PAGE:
Warhorse PridePage 3 Issue 125 May 17, 2013Story and photo by Staff Sgt. Andrew Porch2nd ABCT PAO, 4th Inf. Div.An honoring in PuebloFrom WARRIOR, Page 1Marquez strives to own the ring, andalways does his best.“There is something about knowing it’sjust you and one other guy in the ring,” saidMarquez. “It depends on if you want it moreor if he wants more; that’s what makes mestrive to be the best boxer in the ring.”Fighting at 152 pounds, down from hisnormal weight of 165, Marquez capturedthe senior men’s title in the welterweightdivision at the USA Boxing Nationals held inSpokane, Wash., April 1-6.“The competition this year was steep,”said Marquez. “At the end of the day youhave to push yourself. There are a couplefights that you have to go through, andwhether you have the will or they have thewill, that’s who will win the fight.”Being an elite boxer doesn’t come easy.Tuesday, Thursday and Saturday aresparring days, said Marquez. Atheletes haveto watch what they eat, and cutting weight ishard when it is time to get ready for a fight.All the work he puts in is worth it.“Every morning we get up and run, or dostrength conditioning with the coaches,” saidMarquez. “That is something I enjoy doing; Idon’t really count that as being hard. Whenyou get in the ring, that is what is going topay off in the end.”Marquez brings more to the team thanjust his love of the sport.“I think he makes the team better byproviding experience,” said Ramos. “He hasbeen there before. He has a lot of mentorshiphe can provide to the younger boxers cominginto the program.”Marquez knows he can’t stay in the ringforever.“One of my future goals is becoming acoach at WCAP,” he said. “If not, I want toopen my own gym. Boxing is one of thosesports that keeps a lot of young kids fromgetting in trouble.”StaffSgt.ReyesMarquez,indirectfireinfantryman,HHC,2ndBn.,8thInf.Reg.,2ndABCTandaboxerwiththeWorldClassAthleteProgram,appliespetroleumjellybeforeasparingmatchatFortCarson,Colo.,April30.“This medal is not for me, it is for theSoldiers that did not come back,” a quoteunder the portrait of Staff Sgt. Leroy Petry,recent Medal of Honor recipient, and thelatest service member to have his portraitunveiled in Pueblo, Colo., May 9.Soldiers of Fort Carson and local residentswho attended the ceremony at the Centerfor American Values interacted with Medalof Honor recipients, toured the facility thatfeatures more than 140 portraits of servicemembers who earned the MOH and saw theunveiling of the newest portrait.“For me, what this portrait representsis that I was just a plain old guy, a normalguy,” said Petry. “It was having those goodAmerican values and then the Army valueswhich helped build my character and that’swhat the portrait represents.”Perty distinguished himself by acts ofgallantry at the risk of his life above andbeyond the call of duty. It was in action,with an armed enemy in the vicinity of thePaktia Province, Afghanistan, May 26, 2008.While wounded from enemy fire, Petry, withcomplete disregard for his own safety, pickedup an enemy grenade that landed feet fromhim and his Soldiers. As he released thegrenade it detonated, amputating his righthand at the wrist. Despite the severity of hiswounds, he placed a tourniquet on his wristand continued to communicate for supportvia radio.Petry, who was not able to attend theunveiling due to a back surgery, is currentlystationed in Fort Lewis, Wash., and has takenon the task of helping wounded warriors andtheir families.Perty said if he can’t go to the fight, thenhe can help the men and their families whoare wounded, ill or injured.Soldiers said they felt honored to attendthe event.“It was a pretty emotional event withthree Medal of Honor recipients there,” saidCapt. Adam Fullerton, rear detachmentcommander, 3rd Bn., 16th FA Reg, 2ndABCT. “You could just tell what it meantto those guys and what it meant to thecommunity. I was fortunate to be a part ofit.”Drew Dix, Medal of Honor recipient,spoke to the crowd on the importance of thecenter.“When (children) leave here, we knowthat a few of them are going to takesomething away from this,” said Dix. “Whenthey spread out to the community and theygrow up, they are going to help carry themessage that we’re trying to create here andencourage.”Soldiers said they appreciated the supportof the community.“It’s awesome,” said Capt. Matt Anderson,Fort Carson Warrior Transition Battalion.“It depends where you live, but it’s not alwaysas prevalent as you would like it to be. It’salways awesome to have the local communityon your side.”To learn more about the portraits of morethan 140 MOH recipients, visit the HistoricArkansas Riverwalk in downtown Pueblo.DrewDixandJimTaylor,MedalofHonorrecipients,unveilaportraitofStaffSgt.LeroyPetry,recentMedalofHonorrecipientattheCenterforAmericanValueslocatedattheHistoricArkansasRiverwalkinPueblo,Colo.,May9.Thewallsinsideofthebuildingarelinedwithmorethan140portraitsoflivingservicemembersthathavereceivedtheMedalofHonor.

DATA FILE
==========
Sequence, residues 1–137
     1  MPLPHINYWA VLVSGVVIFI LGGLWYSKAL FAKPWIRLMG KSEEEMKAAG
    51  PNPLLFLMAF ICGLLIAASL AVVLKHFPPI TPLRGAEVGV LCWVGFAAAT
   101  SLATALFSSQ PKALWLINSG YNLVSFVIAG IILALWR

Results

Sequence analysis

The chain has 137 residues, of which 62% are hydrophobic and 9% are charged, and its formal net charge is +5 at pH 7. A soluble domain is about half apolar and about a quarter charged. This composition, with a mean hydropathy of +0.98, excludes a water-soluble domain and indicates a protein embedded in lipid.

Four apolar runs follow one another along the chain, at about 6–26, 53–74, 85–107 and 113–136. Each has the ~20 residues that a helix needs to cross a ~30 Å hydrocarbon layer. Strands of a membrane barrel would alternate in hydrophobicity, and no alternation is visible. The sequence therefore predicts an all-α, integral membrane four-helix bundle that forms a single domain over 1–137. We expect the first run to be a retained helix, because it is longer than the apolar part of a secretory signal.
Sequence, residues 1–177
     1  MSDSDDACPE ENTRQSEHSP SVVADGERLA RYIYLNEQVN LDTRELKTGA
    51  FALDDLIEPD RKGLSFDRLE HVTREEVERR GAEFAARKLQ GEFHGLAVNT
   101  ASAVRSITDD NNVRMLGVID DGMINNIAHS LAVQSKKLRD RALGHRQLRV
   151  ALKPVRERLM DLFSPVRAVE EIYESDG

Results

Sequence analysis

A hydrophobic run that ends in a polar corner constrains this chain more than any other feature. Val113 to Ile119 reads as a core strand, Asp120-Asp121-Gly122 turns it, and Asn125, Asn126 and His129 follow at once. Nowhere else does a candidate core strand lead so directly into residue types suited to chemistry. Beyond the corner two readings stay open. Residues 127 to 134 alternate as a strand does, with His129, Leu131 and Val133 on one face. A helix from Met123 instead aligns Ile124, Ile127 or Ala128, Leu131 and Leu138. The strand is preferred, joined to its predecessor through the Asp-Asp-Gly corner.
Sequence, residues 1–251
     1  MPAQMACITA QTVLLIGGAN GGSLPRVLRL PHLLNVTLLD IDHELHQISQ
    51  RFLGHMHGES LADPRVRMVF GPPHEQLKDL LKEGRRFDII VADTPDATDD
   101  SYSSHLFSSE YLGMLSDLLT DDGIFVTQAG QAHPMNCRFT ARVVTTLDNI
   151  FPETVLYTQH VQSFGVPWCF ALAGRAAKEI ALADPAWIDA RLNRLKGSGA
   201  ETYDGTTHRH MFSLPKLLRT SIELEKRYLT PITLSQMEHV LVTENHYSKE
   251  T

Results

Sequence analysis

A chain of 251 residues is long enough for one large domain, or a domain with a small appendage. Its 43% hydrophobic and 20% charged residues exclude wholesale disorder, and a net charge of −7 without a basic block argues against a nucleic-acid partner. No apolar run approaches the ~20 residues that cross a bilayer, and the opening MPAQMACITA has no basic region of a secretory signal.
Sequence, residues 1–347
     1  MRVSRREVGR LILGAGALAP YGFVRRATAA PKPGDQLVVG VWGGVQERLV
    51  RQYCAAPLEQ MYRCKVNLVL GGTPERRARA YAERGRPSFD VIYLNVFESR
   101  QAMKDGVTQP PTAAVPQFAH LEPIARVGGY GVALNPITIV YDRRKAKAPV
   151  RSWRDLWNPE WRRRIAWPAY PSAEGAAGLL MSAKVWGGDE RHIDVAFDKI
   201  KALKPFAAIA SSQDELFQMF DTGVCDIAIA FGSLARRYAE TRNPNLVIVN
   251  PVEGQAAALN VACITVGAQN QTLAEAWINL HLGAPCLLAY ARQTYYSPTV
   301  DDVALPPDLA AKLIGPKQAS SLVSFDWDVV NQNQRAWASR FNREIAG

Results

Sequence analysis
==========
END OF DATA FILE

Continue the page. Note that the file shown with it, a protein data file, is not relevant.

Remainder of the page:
3-16 FARDyanne Beckman.........................................................email@example.com ARValerie Mansapit...........................................................firstname.lastname@example.org BSBBarbara Young...............................................................email@example.com INUrsulaPittman...........................................................firstname.lastname@example.org 2 STBSpc. Morgan Madrick..............................................email@example.comFind us on Facebook at:http://www.facebook.com/2bct4id2nd ABCTValarie Adams............................................................firstname.lastname@example.org CAVFrancy Avizu...............................................................email@example.comFRSA InformationFamily Readiness GroupPage 5 Issue 125 May 17, 20131724 25 26 27 28 29 3018 19 20 21 22 23Poet Laureate-PriceStobridge@ Rockrimmon Library7:00 p.m.Lets Play Chess!@ Brigarte Library3:30 p.m..2013 Armed ForcesLuncheon@ The Broadmoor11:30 a.m.Pikes Peak Derby DamesMilitary Appreciation Bout@ Colorado SpringsAuditorium6:00 p.m.Outdoor Skills Day@ Mueller State Park10:00 a.m.Little Wonders -Ants on Parade@Bear Creek Nature Center9:00 a.m.Cheyenne Mountain Zoo’sAnnual Plant Sale@Cheyenne Zoo9:00 a.m.HO Railroad Display@ old Colorado CityHistory Center10:00 a.m.Greek Dinner Delight@ Garden of the Gods6:00 p.m.Free Tennis Play DayMemorial Park10:00 a.m.Lunch & A Look at Garden@ Garden of the Gods11:30 a.m.Read It Before You See It@ Rockrimmon Library4:00 p.m.Curious Palate TastingClass - Rose Wines@ Soiree5:30 p.m.
Better Opportunities for Single SoldiersPage 5 Issue 125 May 17, 2013